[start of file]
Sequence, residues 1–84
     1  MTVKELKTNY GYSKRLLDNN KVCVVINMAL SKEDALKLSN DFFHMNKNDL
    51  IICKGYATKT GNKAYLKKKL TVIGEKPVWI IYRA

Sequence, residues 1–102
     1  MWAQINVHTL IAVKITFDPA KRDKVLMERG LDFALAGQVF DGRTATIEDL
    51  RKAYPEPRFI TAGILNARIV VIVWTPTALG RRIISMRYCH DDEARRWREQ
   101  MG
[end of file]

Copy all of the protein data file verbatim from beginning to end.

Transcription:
Sequence, residues 1–84
     1  MTVKELKTNY GYSKRLLDNN KVCVVINMAL SKEDALKLSN DFFHMNKNDL
    51  IICKGYATKT GNKAYLKKKL TVIGEKPVWI IYRA

Sequence, residues 1–102
     1  MWAQINVHTL IAVKITFDPA KRDKVLMERG LDFALAGQVF DGRTATIEDL
    51  RKAYPEPRFI TAGILNARIV VIVWTPTALG RRIISMRYCH DDEARRWREQ
   101  MG